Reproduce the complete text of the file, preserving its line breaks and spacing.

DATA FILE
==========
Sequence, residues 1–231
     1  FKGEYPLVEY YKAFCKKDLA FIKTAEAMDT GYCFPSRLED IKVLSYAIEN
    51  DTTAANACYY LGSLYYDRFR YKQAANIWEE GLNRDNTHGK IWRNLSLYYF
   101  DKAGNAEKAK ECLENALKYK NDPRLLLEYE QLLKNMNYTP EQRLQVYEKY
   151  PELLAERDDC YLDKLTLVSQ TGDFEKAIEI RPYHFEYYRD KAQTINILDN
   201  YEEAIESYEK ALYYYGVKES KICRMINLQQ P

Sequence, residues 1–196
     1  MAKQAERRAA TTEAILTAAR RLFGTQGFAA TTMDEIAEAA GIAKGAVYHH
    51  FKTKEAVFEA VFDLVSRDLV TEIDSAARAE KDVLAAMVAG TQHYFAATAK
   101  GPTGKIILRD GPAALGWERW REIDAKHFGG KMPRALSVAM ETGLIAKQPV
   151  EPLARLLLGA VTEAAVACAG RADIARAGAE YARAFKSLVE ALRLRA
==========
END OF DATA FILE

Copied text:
Sequence, residues 1–231
     1  FKGEYPLVEY YKAFCKKDLA FIKTAEAMDT GYCFPSRLED IKVLSYAIEN
    51  DTTAANACYY LGSLYYDRFR YKQAANIWEE GLNRDNTHGK IWRNLSLYYF
   101  DKAGNAEKAK ECLENALKYK NDPRLLLEYE QLLKNMNYTP EQRLQVYEKY
   151  PELLAERDDC YLDKLTLVSQ TGDFEKAIEI RPYHFEYYRD KAQTINILDN
   201  YEEAIESYEK ALYYYGVKES KICRMINLQQ P

Sequence, residues 1–196
     1  MAKQAERRAA TTEAILTAAR RLFGTQGFAA TTMDEIAEAA GIAKGAVYHH
    51  FKTKEAVFEA VFDLVSRDLV TEIDSAARAE KDVLAAMVAG TQHYFAATAK
   101  GPTGKIILRD GPAALGWERW REIDAKHFGG KMPRALSVAM ETGLIAKQPV
   151  EPLARLLLGA VTEAAVACAG RADIARAGAE YARAFKSLVE ALRLRA